I found that the FPMT centres tend to do a lot of workshops on relationships, controlling emotions, making yourself a socially acceptable person to be around (my words not theirs), applying virtues to your everyday life etc., so while there still is friction in these centres it is a not like the animosity I experienced at Rigpa; meaning people may get cranky but not to the point they throw things at someone else.

When I look back at Rigpa there was not the same emphasis on how to develop healthy relationships with people in the Sangha. I was too green to question why Rigpa taught the tantric Vajrasattva practice (the one with the consort) and the FPMT only did the practise without the consort and forbids people to view the certain tantric images unless they are initiated into that practise.

At one point two of the core students asked me if I would like to learn the skills to volunteer in a hospice for the dying, they made a snarky comment about how it would teach me to ‘get out of myself a bit’ as in I thought of only myself. I was totally shocked at their suggestion and attitude because I wasn’t in a great place emotionally and would’ve been the type of person to sit beside a dying person and complain about all my problems. I had no mental stability to comfort a dying person or their family or to be in a hospice environment.

Looking back, the weirdest thing happened at the retreat at Myall Lakes (Australia). Every year SR holds retreat around January. The full retreat lasts for ten days but the short one only goes for four (at that time anyway); I went for the four day retreat. The last session I attended was a discussion group. I had planned to leave shortly after it ended because I had to catch a bus back to QLD.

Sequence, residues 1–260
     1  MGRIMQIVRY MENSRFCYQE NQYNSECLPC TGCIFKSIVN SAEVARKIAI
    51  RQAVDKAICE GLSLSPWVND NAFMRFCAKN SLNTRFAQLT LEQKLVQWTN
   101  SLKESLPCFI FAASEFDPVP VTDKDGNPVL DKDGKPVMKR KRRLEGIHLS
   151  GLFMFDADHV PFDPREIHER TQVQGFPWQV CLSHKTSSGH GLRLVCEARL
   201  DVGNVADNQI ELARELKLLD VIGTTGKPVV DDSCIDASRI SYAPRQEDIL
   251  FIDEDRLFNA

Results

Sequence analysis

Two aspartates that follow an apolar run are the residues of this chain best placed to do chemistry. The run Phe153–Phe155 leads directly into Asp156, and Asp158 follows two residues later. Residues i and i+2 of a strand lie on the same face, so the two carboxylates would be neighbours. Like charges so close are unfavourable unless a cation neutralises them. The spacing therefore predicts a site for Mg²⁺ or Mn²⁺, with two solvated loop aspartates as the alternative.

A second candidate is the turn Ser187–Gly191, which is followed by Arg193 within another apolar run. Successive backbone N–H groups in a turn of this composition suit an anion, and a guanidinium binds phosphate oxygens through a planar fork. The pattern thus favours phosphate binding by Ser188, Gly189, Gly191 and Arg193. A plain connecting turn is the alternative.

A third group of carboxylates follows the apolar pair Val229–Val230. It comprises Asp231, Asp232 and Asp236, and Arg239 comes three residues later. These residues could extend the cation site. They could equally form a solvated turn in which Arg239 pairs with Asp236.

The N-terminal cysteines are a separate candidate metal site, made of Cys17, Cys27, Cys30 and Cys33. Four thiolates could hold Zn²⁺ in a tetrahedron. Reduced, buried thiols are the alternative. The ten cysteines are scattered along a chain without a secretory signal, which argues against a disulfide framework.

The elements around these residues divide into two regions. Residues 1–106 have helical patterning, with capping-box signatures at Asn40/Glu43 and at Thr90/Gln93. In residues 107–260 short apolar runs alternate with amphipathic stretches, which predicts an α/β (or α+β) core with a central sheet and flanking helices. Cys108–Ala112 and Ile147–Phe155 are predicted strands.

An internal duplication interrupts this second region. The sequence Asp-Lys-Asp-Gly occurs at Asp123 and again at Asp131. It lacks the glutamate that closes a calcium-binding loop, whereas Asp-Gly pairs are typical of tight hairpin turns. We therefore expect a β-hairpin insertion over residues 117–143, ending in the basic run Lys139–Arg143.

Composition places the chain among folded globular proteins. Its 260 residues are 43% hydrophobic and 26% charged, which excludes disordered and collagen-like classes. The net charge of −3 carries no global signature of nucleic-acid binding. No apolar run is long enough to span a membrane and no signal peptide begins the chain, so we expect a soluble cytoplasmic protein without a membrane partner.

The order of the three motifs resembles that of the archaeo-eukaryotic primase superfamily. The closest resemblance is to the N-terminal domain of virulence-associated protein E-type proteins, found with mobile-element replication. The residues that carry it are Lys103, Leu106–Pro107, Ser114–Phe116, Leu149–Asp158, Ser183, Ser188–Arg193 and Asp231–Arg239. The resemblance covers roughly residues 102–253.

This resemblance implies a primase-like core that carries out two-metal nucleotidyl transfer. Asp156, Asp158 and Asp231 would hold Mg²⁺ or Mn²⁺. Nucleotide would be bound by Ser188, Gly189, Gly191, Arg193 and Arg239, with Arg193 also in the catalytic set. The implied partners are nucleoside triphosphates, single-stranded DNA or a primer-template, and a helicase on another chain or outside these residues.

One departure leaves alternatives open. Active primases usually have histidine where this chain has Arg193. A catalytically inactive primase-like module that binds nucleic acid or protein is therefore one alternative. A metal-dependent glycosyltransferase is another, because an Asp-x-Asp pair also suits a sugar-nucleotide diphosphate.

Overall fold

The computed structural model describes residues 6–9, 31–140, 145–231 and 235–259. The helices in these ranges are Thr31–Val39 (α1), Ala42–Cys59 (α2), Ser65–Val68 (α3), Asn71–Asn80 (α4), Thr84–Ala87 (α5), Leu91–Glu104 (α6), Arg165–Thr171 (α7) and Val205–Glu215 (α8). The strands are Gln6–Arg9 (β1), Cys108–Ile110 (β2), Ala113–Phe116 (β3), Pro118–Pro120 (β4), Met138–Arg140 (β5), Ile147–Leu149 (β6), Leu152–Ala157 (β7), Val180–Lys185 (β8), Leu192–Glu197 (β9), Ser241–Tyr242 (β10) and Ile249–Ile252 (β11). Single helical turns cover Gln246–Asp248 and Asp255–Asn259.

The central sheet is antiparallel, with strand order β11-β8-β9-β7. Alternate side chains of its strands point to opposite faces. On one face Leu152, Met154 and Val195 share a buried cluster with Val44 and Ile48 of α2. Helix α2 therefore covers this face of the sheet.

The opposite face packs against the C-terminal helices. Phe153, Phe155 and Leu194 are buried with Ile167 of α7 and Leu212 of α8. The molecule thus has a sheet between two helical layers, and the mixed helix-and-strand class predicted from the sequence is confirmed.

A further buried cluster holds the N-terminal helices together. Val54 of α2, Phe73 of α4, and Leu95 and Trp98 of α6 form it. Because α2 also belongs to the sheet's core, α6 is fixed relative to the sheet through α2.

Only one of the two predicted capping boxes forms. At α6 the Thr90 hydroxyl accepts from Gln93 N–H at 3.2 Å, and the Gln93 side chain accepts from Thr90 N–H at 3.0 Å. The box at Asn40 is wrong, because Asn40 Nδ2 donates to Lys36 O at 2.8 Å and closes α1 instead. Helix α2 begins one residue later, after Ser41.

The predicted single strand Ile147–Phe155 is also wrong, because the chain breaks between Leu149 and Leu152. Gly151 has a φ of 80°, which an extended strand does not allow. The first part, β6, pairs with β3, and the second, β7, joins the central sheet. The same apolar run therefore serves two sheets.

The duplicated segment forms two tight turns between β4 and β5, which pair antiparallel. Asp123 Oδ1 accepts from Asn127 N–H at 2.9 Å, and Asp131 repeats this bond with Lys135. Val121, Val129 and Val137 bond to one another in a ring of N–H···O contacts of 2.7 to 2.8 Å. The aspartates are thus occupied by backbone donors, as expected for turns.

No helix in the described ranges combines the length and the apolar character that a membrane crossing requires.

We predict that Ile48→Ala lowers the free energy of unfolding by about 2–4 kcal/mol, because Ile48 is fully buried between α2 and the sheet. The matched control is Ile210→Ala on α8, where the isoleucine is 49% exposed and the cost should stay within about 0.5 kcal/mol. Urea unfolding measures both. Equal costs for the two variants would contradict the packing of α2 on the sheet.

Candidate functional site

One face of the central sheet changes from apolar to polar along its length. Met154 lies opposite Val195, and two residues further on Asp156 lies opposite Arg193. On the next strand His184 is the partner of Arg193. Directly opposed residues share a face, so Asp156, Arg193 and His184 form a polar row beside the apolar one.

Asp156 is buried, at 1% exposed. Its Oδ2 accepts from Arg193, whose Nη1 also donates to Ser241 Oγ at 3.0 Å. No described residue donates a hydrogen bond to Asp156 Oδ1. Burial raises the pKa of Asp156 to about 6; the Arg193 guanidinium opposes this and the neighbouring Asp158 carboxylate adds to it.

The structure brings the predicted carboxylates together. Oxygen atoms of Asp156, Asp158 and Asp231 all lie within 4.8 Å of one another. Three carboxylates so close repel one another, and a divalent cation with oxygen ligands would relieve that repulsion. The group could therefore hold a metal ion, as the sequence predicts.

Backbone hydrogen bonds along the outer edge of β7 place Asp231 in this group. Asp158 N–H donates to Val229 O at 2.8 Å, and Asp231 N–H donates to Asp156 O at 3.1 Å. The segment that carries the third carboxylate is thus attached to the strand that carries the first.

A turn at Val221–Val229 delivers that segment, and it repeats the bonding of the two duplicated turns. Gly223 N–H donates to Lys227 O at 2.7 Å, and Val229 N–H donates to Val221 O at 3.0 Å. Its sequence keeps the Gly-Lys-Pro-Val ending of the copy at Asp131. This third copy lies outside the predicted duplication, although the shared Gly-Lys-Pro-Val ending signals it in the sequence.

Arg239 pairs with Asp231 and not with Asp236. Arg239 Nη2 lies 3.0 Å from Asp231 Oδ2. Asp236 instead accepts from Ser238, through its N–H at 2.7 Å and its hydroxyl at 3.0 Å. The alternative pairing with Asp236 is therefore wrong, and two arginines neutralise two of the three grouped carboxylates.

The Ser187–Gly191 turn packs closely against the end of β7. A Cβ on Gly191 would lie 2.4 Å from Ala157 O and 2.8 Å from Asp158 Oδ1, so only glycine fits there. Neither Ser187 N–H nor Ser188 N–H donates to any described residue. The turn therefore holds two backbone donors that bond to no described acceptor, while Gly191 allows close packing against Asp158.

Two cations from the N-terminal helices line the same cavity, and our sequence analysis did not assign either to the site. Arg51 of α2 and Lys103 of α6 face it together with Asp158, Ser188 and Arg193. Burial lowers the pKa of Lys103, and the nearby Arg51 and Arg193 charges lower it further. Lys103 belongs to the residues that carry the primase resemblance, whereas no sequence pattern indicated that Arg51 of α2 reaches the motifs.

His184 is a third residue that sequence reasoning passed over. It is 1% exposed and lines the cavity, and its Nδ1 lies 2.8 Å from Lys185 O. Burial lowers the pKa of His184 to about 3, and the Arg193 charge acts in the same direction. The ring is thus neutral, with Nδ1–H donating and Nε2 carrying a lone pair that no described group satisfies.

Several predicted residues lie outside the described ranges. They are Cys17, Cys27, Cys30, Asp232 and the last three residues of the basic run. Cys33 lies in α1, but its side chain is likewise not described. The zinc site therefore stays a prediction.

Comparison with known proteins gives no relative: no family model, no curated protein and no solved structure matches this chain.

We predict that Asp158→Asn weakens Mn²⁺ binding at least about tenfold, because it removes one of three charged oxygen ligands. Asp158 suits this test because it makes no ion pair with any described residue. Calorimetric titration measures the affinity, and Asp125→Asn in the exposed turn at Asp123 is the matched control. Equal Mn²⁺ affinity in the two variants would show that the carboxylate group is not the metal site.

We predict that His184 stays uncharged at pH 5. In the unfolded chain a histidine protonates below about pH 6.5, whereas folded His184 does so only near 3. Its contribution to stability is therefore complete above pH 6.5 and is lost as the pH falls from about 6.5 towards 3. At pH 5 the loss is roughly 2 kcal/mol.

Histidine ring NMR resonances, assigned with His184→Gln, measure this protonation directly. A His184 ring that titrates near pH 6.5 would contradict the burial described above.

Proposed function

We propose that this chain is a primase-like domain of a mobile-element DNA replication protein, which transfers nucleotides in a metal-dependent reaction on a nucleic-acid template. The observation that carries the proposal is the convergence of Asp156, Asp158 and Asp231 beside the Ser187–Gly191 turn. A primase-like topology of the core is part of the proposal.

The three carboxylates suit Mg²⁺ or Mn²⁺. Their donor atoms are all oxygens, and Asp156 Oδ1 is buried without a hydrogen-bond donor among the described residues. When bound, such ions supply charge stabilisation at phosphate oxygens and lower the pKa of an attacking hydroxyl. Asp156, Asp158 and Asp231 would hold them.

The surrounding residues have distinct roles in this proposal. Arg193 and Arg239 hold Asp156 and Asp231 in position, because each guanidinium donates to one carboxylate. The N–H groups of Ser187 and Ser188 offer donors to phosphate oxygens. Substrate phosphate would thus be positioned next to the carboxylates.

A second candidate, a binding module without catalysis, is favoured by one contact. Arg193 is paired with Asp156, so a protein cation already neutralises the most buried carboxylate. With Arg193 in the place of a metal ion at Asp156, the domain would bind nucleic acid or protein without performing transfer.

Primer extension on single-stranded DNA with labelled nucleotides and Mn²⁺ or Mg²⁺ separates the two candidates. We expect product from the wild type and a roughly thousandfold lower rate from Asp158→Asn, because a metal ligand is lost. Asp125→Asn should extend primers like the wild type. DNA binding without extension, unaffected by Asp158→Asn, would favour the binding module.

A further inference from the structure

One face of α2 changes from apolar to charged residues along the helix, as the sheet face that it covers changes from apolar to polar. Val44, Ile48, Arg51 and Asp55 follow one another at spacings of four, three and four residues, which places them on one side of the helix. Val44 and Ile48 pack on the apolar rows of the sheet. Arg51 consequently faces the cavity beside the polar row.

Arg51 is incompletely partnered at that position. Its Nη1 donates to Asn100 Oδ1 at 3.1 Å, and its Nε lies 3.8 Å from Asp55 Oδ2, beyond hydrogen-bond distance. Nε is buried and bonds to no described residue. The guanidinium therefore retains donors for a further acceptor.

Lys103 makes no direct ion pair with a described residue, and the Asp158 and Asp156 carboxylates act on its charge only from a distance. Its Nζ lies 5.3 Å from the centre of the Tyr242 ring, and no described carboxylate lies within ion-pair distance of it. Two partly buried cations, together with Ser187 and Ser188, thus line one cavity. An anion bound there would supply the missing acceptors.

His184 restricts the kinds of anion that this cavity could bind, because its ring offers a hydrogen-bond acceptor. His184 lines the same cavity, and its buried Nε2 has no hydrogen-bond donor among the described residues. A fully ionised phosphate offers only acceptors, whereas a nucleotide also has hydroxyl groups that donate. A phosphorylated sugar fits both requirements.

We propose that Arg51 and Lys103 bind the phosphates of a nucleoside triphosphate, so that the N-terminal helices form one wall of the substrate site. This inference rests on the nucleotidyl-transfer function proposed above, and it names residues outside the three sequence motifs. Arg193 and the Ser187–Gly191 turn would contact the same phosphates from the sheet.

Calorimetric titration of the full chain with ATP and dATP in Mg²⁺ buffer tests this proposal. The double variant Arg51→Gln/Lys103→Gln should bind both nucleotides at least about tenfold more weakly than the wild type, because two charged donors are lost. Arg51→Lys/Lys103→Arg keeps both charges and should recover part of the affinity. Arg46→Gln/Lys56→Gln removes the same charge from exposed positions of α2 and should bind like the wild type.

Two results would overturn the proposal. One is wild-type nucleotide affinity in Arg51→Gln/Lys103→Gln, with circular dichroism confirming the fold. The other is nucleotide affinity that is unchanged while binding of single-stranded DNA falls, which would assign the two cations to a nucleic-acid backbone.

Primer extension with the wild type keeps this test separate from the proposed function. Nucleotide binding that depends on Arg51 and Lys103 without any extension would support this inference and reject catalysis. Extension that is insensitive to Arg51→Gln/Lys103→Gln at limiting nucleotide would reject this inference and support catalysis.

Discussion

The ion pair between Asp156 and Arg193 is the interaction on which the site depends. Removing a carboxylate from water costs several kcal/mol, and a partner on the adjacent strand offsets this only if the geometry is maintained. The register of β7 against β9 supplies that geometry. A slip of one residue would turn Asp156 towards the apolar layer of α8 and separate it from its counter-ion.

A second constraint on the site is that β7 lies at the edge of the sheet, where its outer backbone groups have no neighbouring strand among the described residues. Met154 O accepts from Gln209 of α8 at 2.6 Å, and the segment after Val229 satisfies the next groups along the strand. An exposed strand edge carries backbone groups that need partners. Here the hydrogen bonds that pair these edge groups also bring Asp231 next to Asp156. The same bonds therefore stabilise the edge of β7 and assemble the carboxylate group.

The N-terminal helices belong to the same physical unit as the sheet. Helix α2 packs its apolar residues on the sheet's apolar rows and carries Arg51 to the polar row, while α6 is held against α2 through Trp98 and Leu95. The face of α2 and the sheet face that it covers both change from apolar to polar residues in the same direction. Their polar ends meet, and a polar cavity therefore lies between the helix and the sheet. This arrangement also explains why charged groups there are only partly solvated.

After the discussion group I was approached by a lady who was part of Rigpa. She explained that concerns had been raised for my welfare due to some comments I made during the discussion group. I can’t remember how she expressed it but she was basically saying there were concerns that I was suicidal or going to ‘self-harm’. I became really confused because I couldn’t remember what I’d said during the discussion group and hadn’t felt any strong emotion.

When I asked her for clarification about what I said (because I was so confused) she was very vague but insisted that from what I said there were concerns about my welfare. Dumbfounded I pleaded ignorance and apologised if I’d made a throwaway comment that had caused concerned. At this point I had to collect my bags from the campsite office and get a cab to the town so I could get my bus so I managed to get away from this upsetting and confusing interaction.

Now after finding our SR is a sexual predator I am wondering if I had become a target at that event. I am counting my lucky stars that I could only afford to stay at the retreat for four days. I would’ve found it a distressing and overbearing situation to have been preyed on by SR’s enablers. That was the first and only time in my life I’ve had someone say that concerns were raised for my welfare that I was going to self-harm or was suicidal.

It would be interesting to find out if SR has his enablers procure young women for him. Hopefully more women will find the courage to speak out about how they were procured for SR because I believe he must’ve had enablers procuring women for him somehow.


MS says:
May 18, 2016 at 9:50 am
I don’t think Sogyal Rinpoche only chooses girls/young women who are introduced to him by someone in his inner circle. There is an account on this blog [] which describes how a new young women student without connections was singled out for sex.